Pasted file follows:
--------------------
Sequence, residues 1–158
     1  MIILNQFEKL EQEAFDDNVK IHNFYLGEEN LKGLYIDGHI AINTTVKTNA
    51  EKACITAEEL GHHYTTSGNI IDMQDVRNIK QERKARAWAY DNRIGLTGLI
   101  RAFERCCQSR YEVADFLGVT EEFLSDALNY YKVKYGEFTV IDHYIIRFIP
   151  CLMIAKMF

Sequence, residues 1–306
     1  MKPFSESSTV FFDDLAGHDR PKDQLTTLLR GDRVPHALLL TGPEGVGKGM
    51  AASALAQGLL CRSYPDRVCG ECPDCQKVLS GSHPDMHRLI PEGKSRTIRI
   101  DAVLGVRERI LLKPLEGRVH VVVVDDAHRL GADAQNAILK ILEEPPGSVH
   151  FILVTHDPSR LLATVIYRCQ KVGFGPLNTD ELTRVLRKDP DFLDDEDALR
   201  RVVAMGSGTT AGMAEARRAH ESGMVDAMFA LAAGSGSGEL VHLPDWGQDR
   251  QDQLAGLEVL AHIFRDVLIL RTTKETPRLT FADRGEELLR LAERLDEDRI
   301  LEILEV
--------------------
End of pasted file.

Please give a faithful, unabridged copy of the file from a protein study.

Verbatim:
Sequence, residues 1–158
     1  MIILNQFEKL EQEAFDDNVK IHNFYLGEEN LKGLYIDGHI AINTTVKTNA
    51  EKACITAEEL GHHYTTSGNI IDMQDVRNIK QERKARAWAY DNRIGLTGLI
   101  RAFERCCQSR YEVADFLGVT EEFLSDALNY YKVKYGEFTV IDHYIIRFIP
   151  CLMIAKMF

Sequence, residues 1–306
     1  MKPFSESSTV FFDDLAGHDR PKDQLTTLLR GDRVPHALLL TGPEGVGKGM
    51  AASALAQGLL CRSYPDRVCG ECPDCQKVLS GSHPDMHRLI PEGKSRTIRI
   101  DAVLGVRERI LLKPLEGRVH VVVVDDAHRL GADAQNAILK ILEEPPGSVH
   151  FILVTHDPSR LLATVIYRCQ KVGFGPLNTD ELTRVLRKDP DFLDDEDALR
   201  RVVAMGSGTT AGMAEARRAH ESGMVDAMFA LAAGSGSGEL VHLPDWGQDR
   251  QDQLAGLEVL AHIFRDVLIL RTTKETPRLT FADRGEELLR LAERLDEDRI
   301  LEILEV